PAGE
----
Second, it also suggests that al-Qaeda leadership is still effectively able to extend command and control to the degree that they may desire to do so. Zawahiri’s eyes are clearly following a teleprompter, suggesting that the camera in use is a studio-quality production camera complete with teleprompter technology. A closer examination by enhancing the reflection in Zawahiri’s glasses on the tape may very well reveal the square face of a broadcast studio production camera. This camera need not be in a studio in order to be used. The use of ‘green screening’ makes a more subtle filming location infinitely more possible.

While not a ‘controlled technology,’ a studio-production video camera with teleprompter technology in front of the lens is not something that can be obtained by purchase through the local electronics store, so to speak. In order to obtain this, Zawahiri and the al-Qaeda leadership must not be in a position where they are isolated and without connections to the point of feeling they cannot trust anyone. If they can acquire such equipment in trust without fear of tracking and/or reprisal, via black market or locally connected broadcast collaborators, it must be assumed that they can also effectively lead and direct terror operations through similar means and channels.

The Message: One Ummah, One Jihad

A primary analysis of Zawahiri’s message must first begin with the greater overall message. The general message imparted is clearly a call for unity among the Ummah – uniting Sunni and Shi'a - against a common enemy: Israel, the United States and their allies. The Shi’a Hizballah war is recognized as legitimate jihad by Sunni al-Qaeda, or part of one in which the entire world is the battlefield. Specifically, Zawahiri links the “liberation of Palestine” to the restoration of Islamic rule to “every land that used to be a territory of Islam, from Spain to Iraq.” Linking the “liberation of Palestine” to the current jihad waged by Hizballah in Lebanon, Zawahiri imparts that this is the beginning of that restoration, which should spread through the efforts of those who would hear his message.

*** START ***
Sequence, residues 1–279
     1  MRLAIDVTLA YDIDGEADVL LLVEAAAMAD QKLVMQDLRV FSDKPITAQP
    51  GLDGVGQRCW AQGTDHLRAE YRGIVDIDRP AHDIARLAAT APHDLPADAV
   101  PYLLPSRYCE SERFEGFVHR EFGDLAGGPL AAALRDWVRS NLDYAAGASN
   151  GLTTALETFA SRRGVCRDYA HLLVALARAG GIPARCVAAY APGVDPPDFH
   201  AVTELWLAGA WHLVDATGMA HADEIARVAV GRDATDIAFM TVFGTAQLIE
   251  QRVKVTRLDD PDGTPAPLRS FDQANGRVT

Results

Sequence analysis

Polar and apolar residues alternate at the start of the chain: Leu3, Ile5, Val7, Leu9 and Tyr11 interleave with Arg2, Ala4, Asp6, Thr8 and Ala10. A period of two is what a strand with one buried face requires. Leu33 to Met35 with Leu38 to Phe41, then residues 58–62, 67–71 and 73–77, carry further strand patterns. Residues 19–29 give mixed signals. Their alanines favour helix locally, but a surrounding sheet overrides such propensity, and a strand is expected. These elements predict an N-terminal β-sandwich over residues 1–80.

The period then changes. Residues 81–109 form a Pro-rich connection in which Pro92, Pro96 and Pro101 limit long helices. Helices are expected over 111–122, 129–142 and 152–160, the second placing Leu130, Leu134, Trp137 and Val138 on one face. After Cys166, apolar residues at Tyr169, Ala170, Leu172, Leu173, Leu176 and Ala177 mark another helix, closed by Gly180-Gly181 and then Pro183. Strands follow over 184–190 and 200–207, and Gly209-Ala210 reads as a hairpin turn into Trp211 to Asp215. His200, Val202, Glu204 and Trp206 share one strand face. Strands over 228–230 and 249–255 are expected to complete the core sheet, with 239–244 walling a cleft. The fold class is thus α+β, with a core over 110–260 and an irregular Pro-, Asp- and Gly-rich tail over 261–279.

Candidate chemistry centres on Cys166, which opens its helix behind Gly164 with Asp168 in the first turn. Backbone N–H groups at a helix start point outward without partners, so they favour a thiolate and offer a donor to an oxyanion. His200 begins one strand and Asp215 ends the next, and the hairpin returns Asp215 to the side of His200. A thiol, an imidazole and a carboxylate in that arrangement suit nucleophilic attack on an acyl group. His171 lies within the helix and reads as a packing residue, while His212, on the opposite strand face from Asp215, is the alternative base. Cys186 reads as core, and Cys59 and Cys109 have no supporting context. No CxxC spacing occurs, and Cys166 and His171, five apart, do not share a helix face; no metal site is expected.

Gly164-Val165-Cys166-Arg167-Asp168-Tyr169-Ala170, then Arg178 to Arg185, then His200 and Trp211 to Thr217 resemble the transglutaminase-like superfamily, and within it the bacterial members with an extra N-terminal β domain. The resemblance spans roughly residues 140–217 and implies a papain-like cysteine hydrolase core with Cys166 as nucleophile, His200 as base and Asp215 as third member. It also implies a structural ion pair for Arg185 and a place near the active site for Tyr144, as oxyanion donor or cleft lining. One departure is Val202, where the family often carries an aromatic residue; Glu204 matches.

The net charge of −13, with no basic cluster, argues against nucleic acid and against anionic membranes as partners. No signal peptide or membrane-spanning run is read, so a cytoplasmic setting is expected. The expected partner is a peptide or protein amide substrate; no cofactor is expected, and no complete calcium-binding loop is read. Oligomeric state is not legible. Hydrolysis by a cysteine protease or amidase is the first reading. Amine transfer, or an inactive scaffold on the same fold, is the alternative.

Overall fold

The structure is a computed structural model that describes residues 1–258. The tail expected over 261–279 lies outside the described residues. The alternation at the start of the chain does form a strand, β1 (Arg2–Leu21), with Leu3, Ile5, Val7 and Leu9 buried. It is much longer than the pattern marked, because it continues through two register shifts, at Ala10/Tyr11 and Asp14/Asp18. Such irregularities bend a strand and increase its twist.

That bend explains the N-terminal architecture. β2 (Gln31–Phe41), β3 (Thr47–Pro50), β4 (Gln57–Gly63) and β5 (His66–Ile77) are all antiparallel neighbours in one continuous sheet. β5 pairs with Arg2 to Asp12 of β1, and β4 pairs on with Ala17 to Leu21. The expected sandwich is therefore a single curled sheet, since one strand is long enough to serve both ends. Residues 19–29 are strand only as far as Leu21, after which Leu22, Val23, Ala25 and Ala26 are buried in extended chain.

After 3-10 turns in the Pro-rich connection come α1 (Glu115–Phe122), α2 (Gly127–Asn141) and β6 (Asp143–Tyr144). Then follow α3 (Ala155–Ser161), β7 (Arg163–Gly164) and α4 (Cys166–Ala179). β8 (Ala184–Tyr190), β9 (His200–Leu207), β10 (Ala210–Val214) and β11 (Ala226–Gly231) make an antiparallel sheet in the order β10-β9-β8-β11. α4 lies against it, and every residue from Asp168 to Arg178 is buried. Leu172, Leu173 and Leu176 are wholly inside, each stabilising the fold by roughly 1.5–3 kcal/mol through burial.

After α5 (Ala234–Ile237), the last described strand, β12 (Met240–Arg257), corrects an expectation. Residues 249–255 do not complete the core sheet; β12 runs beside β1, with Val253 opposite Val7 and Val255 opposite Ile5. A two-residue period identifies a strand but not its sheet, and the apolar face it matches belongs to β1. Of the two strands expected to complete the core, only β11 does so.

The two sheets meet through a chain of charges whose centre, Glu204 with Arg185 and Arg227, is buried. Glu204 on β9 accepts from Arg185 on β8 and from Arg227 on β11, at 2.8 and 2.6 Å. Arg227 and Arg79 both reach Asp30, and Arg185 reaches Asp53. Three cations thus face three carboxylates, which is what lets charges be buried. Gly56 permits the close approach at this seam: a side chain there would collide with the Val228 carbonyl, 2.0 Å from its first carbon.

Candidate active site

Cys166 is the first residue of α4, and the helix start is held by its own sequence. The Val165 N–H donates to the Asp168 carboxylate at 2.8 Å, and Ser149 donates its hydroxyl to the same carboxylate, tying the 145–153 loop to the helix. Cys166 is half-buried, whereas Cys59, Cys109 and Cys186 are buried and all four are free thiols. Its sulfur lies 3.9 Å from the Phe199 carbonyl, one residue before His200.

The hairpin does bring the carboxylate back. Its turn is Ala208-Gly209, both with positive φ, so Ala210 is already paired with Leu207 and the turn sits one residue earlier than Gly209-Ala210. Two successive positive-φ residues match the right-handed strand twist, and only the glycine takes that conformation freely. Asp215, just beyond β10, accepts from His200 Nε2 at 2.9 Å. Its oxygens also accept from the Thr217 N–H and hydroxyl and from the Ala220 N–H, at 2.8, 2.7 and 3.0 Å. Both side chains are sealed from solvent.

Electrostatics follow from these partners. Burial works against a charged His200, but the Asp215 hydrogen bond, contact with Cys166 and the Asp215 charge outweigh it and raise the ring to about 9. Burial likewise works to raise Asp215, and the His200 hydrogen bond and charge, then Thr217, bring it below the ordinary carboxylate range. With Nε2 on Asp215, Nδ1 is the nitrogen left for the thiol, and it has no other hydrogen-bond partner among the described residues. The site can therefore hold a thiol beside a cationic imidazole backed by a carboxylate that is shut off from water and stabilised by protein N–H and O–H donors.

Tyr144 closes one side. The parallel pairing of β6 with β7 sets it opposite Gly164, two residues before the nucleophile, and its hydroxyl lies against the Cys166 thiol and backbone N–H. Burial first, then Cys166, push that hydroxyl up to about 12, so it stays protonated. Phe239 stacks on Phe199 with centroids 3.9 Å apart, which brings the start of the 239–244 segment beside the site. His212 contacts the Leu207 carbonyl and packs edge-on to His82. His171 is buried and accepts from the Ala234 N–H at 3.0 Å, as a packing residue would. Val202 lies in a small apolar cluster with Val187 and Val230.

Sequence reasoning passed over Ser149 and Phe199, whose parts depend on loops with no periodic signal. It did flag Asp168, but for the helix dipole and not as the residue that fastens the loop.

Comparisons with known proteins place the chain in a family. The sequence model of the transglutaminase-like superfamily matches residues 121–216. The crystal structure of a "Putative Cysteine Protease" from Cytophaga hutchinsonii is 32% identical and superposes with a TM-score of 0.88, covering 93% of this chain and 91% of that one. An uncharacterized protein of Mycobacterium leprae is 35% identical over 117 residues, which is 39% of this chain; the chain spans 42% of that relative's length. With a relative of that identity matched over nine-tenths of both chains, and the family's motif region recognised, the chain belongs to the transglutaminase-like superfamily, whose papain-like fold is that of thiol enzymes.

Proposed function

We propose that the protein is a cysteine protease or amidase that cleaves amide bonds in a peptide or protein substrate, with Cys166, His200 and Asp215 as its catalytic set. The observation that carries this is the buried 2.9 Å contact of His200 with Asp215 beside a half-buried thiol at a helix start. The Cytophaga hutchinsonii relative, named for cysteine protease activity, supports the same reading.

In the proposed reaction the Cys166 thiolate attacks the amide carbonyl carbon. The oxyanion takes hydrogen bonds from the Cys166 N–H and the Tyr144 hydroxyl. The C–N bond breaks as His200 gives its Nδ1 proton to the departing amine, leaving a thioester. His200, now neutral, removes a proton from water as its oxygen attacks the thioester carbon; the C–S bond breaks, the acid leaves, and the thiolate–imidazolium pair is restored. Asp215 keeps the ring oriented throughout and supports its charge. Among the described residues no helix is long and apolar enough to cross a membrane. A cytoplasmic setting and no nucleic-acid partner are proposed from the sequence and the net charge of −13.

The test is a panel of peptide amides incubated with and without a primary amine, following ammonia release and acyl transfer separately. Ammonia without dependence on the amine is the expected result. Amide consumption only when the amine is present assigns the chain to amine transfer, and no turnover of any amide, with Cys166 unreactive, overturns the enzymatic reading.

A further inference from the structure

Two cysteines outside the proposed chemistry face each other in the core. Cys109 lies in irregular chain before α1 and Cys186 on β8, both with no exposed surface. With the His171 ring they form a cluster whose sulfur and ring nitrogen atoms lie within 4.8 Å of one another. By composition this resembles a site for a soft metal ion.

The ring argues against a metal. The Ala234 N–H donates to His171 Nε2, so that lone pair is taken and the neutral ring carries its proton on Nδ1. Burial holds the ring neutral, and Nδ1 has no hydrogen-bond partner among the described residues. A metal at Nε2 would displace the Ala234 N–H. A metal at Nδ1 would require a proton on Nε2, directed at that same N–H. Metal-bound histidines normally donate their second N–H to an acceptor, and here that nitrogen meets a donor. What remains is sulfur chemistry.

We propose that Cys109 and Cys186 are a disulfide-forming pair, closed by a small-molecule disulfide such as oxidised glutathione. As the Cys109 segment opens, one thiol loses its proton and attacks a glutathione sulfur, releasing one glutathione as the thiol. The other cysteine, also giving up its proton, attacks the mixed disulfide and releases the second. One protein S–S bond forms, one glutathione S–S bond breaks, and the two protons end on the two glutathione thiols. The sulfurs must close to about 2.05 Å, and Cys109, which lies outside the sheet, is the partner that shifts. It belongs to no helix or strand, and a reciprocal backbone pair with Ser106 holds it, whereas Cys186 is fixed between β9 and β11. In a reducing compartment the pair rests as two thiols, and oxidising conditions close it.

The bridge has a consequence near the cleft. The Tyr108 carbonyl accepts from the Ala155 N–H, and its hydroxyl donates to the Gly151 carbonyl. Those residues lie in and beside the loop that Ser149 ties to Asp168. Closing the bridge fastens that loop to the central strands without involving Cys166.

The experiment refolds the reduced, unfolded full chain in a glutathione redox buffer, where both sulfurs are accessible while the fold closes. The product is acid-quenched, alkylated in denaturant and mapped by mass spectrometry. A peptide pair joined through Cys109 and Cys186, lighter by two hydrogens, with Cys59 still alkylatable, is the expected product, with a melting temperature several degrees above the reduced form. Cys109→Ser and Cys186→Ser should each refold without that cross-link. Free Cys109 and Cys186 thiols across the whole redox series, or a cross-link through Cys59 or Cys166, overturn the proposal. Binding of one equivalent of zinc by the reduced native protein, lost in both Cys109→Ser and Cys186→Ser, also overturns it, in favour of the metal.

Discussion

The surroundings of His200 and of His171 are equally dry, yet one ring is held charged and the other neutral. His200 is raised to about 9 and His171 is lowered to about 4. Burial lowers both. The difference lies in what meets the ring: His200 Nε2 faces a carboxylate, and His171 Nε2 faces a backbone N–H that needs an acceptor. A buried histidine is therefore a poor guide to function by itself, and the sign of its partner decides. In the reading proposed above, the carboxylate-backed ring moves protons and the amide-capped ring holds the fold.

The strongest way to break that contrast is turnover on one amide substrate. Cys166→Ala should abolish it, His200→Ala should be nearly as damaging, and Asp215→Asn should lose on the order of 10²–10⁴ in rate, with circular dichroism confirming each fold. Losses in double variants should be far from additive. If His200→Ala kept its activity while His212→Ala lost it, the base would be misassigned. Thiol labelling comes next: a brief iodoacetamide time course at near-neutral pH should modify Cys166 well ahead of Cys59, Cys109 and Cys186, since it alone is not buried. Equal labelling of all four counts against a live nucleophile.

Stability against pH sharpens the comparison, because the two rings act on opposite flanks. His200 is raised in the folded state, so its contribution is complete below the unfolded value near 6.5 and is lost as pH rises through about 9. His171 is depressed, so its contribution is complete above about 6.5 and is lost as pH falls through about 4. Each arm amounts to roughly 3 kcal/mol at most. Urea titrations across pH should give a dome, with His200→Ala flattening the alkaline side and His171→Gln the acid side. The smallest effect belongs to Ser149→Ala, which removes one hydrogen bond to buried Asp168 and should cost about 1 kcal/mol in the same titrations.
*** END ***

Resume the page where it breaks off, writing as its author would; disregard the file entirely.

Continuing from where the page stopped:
"The entire world is an open field for us, so just like they attack us everywhere we will attack them everywhere, and just like they united to fight us, our Ummah [Nation], we will unite to fight them." Again, Zawahiri includes the Shi'a expressly with the usage of ‘us’ and ‘we’ within the context of both Gaza (Sunni) and Lebanon (Shi'a) being hit by the ‘Zio-Crusaders.’

Zawahiri calls the Shi’a Hizballah brothers, saying to Muslims everywhere, “We cannot remain silent and cringe while watching these missiles pouring fire on our brothers in Gaza and Lebanon.”

He also draws the current Israeli conflict with both Hamas (et al) and Hizballah into his vision of unified jihad by referring to “ten thousand hostages in Israeli prisons,” germane to the demands of a prisoner exchange by both Hizballah and Hamas. By contrasting that number with three Israeli soldiers held by the terrorists, Zawahiri crafts an image of an Israeli aggressor and a defensive Ummah victim comprised of both Sunni and Shi’a alike.

Further stressing unity in purpose, Zawahiri then encourages unity by addressing the Ummah as descendants of both Sunni and Shi'a heritage. "How can we remain silent, and we are the sons of Abi Bakar, Othman, Hamza, Ja’afar, Ali, al-Hussein, Sa’ad, Khaled, Talha, al-Zobier, Akrama, Salah al-Din, Yusef ibn-Tashfeen, and Muhammad the Conqueror. We are the sons of the ones who confronted the apostates, opened the world, and transformed the people from darkness of polytheism to the light of unification, and from worshiping humans to worshiping Allah." Clearly, the early Shi'a are not considered apostates here, but al-muminin. In this message, Zawahiri includes them as “brothers.”

Message: al-Qaeda in Iraq as the Fountain of Jihad into Palestine